Internal protests could ban Google from next SF Pride march

Google is unable to escape internal criticism for practices that appear to discriminate against LGBT communities.


Amp Somers and Celso Dulay (r) are suing Google for discriminatory practices. They were petitioning for a ban on Google marching.

Several Google engineers and activists petitioned the board of the San Francisco Pride March -- the largest Pride celebration in the US -- to ban Google from future marches, accusing it of discriminatory practices towards LGBT communities.

Two legal plaintiffs that are part of a lawsuit against Google: Amp Somers and Celso Dulay (above) also attended the meeting, saying that YouTube had banned their LGBT-oriented channels while allowing other channels to broadcast hate speech aimed at their communities.  

The San Francisco Pride march has millions of viewers and has become a key platform for large corporations that are eager to showcase the diversity of their employees and their inclusive culture. It is a key part of recruitment drives.

Google engineers in June had tried to persuade the board to ban Google from the 50th anniversary of Pride and presented an open letter of support signed by more than 140 Google staff.

SEE: Transgender employees in tech: Why this "progressive" industry has more work to do to achieve true gender inclusivity (TechRepublic cover story)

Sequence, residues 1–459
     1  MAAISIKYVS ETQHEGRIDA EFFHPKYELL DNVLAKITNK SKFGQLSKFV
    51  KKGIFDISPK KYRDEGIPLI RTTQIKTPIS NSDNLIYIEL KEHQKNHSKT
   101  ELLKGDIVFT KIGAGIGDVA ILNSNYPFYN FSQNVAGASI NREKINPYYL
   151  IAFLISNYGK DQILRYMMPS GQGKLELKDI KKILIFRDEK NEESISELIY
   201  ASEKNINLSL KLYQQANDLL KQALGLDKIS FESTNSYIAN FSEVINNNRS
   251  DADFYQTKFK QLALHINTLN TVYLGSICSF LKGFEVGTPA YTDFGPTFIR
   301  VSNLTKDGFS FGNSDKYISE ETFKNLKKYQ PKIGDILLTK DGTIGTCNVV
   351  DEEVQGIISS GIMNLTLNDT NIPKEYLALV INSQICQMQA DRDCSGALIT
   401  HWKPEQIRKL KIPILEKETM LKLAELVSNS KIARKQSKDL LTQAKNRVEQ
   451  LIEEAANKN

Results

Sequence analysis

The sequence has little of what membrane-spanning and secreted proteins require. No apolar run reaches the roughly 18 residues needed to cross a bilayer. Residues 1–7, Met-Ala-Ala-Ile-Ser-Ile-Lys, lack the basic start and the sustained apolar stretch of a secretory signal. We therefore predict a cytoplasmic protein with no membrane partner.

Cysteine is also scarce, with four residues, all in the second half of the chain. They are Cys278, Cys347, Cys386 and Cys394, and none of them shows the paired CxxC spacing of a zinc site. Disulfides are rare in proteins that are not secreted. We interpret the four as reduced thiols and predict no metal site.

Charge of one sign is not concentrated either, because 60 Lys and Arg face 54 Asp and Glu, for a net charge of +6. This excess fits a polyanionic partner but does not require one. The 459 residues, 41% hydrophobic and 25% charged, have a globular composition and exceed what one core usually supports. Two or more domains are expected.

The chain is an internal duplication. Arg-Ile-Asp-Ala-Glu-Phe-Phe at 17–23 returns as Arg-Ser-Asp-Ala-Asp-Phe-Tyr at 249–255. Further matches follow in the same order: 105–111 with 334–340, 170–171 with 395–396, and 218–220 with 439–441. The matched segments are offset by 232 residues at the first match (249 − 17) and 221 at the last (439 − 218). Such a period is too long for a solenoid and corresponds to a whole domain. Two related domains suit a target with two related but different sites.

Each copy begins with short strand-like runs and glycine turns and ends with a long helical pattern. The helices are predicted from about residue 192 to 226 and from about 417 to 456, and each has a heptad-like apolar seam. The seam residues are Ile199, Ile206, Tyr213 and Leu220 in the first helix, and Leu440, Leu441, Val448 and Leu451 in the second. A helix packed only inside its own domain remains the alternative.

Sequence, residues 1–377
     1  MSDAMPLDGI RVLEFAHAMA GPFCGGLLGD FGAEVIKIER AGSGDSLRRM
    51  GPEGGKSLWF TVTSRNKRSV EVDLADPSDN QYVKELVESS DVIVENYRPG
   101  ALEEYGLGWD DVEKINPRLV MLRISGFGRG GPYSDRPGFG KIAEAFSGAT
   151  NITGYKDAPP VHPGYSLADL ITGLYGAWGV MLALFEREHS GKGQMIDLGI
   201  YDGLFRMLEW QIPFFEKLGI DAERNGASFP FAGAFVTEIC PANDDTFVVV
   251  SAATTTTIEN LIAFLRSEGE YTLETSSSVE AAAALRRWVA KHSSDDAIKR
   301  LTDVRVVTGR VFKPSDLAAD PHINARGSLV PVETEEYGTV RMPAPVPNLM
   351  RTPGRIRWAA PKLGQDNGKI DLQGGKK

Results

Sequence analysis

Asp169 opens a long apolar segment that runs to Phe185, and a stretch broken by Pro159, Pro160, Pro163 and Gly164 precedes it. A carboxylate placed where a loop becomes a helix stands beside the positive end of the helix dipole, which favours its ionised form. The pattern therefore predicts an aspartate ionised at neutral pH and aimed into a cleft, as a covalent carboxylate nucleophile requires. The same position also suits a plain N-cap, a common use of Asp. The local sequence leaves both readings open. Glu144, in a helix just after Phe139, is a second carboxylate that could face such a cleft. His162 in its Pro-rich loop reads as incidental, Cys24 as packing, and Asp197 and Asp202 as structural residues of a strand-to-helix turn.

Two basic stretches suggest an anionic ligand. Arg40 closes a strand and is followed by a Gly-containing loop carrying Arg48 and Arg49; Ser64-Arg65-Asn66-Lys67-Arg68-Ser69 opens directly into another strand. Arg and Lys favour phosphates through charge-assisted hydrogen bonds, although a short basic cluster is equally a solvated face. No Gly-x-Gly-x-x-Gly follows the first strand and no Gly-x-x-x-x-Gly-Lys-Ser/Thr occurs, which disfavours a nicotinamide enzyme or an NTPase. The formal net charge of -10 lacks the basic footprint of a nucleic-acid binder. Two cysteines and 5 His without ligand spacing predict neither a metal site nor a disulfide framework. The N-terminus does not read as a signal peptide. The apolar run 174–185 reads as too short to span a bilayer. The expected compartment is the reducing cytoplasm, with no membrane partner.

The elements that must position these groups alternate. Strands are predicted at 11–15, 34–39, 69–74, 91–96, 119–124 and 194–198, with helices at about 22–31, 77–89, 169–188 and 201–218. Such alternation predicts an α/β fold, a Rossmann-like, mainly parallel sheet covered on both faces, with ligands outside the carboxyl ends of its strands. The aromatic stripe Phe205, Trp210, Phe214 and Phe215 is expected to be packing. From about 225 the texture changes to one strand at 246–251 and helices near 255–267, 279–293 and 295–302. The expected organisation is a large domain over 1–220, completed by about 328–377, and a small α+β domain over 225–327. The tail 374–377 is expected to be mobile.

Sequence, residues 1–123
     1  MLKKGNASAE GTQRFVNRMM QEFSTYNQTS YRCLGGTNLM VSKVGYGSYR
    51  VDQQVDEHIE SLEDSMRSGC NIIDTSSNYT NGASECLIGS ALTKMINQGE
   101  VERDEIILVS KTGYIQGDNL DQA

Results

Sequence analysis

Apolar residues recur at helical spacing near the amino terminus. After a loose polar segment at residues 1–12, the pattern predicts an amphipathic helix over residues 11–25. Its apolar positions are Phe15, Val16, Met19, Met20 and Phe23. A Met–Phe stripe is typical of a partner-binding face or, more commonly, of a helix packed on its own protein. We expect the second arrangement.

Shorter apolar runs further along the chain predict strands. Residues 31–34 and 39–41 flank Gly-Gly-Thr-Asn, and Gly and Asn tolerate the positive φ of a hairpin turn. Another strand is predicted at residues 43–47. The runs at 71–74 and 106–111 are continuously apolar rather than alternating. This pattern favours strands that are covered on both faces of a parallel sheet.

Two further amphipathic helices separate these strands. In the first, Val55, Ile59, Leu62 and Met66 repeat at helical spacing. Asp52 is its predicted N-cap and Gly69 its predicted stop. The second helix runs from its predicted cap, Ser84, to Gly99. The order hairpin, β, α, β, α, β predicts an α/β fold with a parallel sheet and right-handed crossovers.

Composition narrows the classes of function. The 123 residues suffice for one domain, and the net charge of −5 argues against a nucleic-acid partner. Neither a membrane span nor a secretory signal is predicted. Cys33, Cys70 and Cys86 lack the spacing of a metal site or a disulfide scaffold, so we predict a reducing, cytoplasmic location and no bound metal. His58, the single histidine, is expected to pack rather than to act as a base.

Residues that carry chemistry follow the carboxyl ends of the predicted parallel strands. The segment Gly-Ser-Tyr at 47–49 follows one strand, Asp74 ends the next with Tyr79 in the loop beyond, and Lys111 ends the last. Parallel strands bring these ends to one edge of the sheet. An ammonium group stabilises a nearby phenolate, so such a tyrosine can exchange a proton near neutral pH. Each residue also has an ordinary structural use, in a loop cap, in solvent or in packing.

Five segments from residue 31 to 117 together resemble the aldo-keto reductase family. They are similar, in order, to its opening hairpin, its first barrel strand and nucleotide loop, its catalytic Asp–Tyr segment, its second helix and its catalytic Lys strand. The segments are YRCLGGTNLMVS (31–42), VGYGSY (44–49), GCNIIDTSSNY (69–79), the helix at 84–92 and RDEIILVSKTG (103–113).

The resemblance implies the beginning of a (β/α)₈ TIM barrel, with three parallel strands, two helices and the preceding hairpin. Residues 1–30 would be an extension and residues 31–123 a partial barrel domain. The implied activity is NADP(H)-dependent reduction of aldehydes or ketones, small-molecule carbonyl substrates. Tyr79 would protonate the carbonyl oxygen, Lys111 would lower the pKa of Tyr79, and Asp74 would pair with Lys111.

The board had rejected their demands but offered a process to hear their grievances. However, at the most recent meeting, the board was severely criticized for ignoring emails and other forms of communication and for leaving just a few minutes at the end of the meeting for input from more than 20 members.

Some of the members speaking at the meeting were critical of the large number of corporate contingents marching in the parade, and of the large number of police in attendance. They pointed to the origins of the Pride in the Stonewall riots of 1969 as a way of protesting discrimination and injustice and also police brutality. And that the corporate nature of the event had alienated local San Francisco neighborhood restaurants and clubs from taking part.

The board of San Francisco Pride faces an election in mid-September, which could result in a more radical leadership that is willing to listen and act on LGBT issues and hold corporations accountable to their diversity policies -- and ban those that continue with discriminatory practices.

A ban on marching in San Francisco Pride would be highly embarrassing for Google. Its HQ is nearby.

The tech giant has had to deal with much higher activism among its staff over the past two years. Thousands took part in walkouts to protest Google's lax efforts around sexual harassment at work and paying exiting executives tens of millions of dollars.

Google created a special doodle slideshow for this year's Pride celebration.

Before this year's Pride 2019, Google warned staff that they are not allowed to protest the company if they choose to walk with the official Google contingent. (Below is a short clip of the 2019 Google marchers 00 one of them has a placard "Hate Speech is Violence.)